The Book Club

Are Fowler’s Irreproachably Nifty Women for Real?

Dear Meghan,

How I wish I could dissent from your judgment and offer a ringing endorsement of this book! But on Page 2 or so, I wrote in the margins, “This is demo fiction; and I strongly suspect I’m not in the demo.” (And, I should add, I don’t lie very far outside the demo, as I construe it—I read a lot, I keep plants alive, and when I fall upon the thorns of life, I bleed. I also don’t skin react when someone tweaks a literary classic, and I embrace Clueless for the deathless masterpiece it is turning out to be.) Nonetheless, I think we might start with a helpful distinction: the difference between fiction by a person of a certain demographic and fiction for people of a certain demographic. When readers start giving each other the high-hat about what they like and why—and more virulently, about what should be taught and why—a noble aspiration (to round out the canon with the unwhite, the unmale, and even sometimes the undead) gets easily confused with a base aspiration: to market to people on the basis of what we might call their census identity, as women, African-American, young adult, etc. I was delighted to be reading a book from the point of view of middle-aged, bookwormy women; I started to run out of gas, and early, when it became clear it was targeted, like the old International Coffee ads, pretty exclusively to middle-aged, bookwormy women.

That said, my head starts spinning when I read the reactions the book has received thus far. No one else seems to agree with me. (You, dear interlocutor, have thrown me a lifeline. The good news here is, we can speak our minds freely and not make a dent in the sales of this thing, which is flying off the shelves.) It mystifies me, Meghan, how the invocation of Austen as literary precedent for a pop novel doesn’t make people more tetchy and judgmental, as opposed to less so. Think of how primly the members of Fowler’s reading group police each other’s comments about Austen for evidence of the slightest heresy. What would they make of this book, I kept wondering? One inevitable defense of The Jane Austen Book Club is that, as in Austen’s work, its world is tightly circumscribed; the action small; and the emotions well-contained. In other words, the book is a subtle, but if you get it, exquisite pleasure. But why not go a step further and point out how unlike Austen the book is, with its weakly drawn characters and conspicuous lack of irony? For every pretty good zinger (“Nothing disturbed her peace less than the sound of her own voice,” said of Bernadette) there are several misfires. I’m curious if you had the same response, but I found ages and social class almost impossible to keep straight here: Everyone seemed to be a generic 51 and in a generic middle quintile income-wise, supporting themselves by doing something irreproachably nifty. (Jocelyn used to manage accounts for a small vineyard; now she runs her own kennel. Sylvia’s daughter Allegra “sold things in stores online, and at craft fairs. Her current project was to collect damaged jewelry at flea markets. …” etc., etc.)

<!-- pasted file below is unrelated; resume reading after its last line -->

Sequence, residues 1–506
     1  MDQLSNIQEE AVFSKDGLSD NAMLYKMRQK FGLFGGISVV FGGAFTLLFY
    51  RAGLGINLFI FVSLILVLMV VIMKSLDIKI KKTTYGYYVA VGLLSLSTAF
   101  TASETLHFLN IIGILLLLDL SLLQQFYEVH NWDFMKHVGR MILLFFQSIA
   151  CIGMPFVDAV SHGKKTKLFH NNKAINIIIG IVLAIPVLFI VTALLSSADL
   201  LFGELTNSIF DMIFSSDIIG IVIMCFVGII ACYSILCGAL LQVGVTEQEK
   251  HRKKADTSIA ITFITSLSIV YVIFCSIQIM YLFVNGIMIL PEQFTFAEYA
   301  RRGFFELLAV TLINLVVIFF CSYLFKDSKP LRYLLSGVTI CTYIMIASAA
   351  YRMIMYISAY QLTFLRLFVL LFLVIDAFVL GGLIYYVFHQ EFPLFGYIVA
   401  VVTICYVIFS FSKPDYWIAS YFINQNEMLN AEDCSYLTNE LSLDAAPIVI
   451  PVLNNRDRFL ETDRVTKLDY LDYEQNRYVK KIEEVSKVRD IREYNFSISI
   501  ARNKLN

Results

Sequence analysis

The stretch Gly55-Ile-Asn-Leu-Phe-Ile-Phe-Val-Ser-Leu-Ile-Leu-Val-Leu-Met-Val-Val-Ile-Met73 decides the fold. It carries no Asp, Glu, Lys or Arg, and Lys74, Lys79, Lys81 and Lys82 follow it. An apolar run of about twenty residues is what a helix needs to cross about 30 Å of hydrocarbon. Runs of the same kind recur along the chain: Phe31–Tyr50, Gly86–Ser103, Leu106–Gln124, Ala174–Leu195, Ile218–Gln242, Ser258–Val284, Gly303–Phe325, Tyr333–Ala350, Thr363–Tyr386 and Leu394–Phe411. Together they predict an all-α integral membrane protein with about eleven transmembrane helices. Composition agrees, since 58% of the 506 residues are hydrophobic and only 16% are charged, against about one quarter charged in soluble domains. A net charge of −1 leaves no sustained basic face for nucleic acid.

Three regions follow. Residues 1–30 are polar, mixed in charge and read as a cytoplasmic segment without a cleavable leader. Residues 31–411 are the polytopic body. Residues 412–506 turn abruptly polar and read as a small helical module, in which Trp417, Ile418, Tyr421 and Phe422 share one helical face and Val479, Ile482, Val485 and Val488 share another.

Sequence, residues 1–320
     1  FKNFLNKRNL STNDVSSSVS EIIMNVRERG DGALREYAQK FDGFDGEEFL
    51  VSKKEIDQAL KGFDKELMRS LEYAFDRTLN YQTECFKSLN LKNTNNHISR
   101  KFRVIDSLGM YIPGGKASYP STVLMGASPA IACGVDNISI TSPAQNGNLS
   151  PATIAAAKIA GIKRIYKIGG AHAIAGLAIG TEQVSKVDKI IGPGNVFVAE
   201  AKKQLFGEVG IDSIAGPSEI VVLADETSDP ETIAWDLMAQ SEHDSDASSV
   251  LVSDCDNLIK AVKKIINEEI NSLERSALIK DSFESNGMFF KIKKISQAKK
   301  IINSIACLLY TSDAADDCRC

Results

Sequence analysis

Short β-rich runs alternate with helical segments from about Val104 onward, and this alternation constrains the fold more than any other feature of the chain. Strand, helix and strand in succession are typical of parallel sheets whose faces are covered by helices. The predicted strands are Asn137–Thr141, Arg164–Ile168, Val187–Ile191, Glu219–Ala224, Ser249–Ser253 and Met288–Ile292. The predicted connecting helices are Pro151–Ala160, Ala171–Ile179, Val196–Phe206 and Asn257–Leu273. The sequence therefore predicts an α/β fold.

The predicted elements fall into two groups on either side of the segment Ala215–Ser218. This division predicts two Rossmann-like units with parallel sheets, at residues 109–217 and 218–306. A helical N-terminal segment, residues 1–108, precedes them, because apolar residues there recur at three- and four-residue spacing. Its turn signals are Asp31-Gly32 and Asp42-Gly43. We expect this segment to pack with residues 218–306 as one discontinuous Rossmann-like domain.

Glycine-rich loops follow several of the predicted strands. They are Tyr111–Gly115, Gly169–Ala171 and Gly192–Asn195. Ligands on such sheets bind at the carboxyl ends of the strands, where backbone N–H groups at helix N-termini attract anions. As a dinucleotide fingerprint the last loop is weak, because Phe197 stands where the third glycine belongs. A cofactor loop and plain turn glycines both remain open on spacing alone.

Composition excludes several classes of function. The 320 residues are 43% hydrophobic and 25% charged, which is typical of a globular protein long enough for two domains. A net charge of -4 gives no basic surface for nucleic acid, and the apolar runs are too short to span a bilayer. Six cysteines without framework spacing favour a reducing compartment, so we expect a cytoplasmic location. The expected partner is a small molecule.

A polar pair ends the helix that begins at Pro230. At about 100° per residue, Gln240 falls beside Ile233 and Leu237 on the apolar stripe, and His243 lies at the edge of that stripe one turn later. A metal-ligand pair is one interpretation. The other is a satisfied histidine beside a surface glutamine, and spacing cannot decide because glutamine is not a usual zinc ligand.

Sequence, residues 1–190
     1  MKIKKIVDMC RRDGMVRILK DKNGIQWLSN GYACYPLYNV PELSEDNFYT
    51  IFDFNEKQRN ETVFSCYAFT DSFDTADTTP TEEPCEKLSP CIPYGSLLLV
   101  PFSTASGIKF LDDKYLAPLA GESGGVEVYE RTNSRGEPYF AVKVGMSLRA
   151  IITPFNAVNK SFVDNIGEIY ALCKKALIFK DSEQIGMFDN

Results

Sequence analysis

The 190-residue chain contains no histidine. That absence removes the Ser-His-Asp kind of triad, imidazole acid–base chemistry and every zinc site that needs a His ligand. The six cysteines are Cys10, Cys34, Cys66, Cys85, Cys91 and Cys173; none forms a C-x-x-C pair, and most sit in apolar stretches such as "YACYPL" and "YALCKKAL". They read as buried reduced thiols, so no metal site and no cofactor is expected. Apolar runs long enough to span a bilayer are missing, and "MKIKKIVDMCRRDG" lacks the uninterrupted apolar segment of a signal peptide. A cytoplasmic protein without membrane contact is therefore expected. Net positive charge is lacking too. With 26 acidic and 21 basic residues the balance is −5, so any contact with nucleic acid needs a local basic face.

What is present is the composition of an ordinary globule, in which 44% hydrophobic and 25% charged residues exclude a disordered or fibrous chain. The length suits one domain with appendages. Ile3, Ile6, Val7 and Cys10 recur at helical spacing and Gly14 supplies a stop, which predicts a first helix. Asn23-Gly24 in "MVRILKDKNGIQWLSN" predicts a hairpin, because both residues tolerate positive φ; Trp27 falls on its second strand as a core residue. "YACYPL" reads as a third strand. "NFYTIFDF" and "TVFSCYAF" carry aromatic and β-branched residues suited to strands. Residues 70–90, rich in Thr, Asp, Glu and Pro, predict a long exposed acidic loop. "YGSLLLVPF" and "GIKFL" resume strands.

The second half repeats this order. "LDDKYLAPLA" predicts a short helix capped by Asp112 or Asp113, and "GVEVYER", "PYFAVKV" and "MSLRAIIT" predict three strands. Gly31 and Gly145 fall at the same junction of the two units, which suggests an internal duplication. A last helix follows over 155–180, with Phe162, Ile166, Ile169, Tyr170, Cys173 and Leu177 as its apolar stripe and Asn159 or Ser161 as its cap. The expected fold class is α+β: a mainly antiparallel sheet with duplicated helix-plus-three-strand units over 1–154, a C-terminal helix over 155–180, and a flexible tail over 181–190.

I’ll get to Grigg, and the book’s other vaguely male-like characters, tomorrow. I thought I’d start in with the use of the first person plural, which I agree is the most striking formal element of the book. It reminded me of The Virgin Suicides, which uses a disembodied “We” to great effect, to convey the gossipy undercurrents of a suburban Michigan town *. Here I thought it played to the book’s weakness, which is its habit of converting everyone into the same fiftysomething spinster. Which brings up a delicate question: Meghan, didn’t you think it was interesting that the book’s one young, lusty firebrand, Allegra, is a lesbian? As if even the implied presence of active male sexuality would somehow destroy the book’s effect? There’s an absolutely terrific episode, in which high-school teacher Prudie (how easily Fowler lets us forget she’s a young woman, by giving her that silly, Golden Girl name) is the object of a shameless flirtation by one of her students. (“Trey Norton … was beautiful and knew it—wounded eyes, slouched clothes, heavy, swinging walk. Beaute du diable. ‘New dress?’ he’d asked Prudie while taking his seat today.”) Ooh la la—more! More! But alas, the crone in her (or is it in Fowler?) wins out, and the devilishly beautiful Trey Norton is dropped for a dreary and needlessly protracted flashback about how her mother psychologically tortured her.

Anyhow, I’d like to end with the quote that summed up the book for me, and a question. Here is the quote.

“We had, most of us, also lost our mothers. We spent a moment missing them. The sun was blooming rosily in the west. The trees were in full leaf. The air was bright and soft and laced with the smells of grass, of coffee, of melted Brie. How our mothers would have loved it!”

Here is the question: Is this the bathetic, Windham Hill mishy-mosh I think it is? Or is it brilliantly satiric writing, of the quality of, say, the Onion?


Correction, June 9, 2004: An earlier version of this piece mistakenly referred to Long Island as the setting of The Virgin Suicides, not suburban Michigan. Return to the corrected sentence.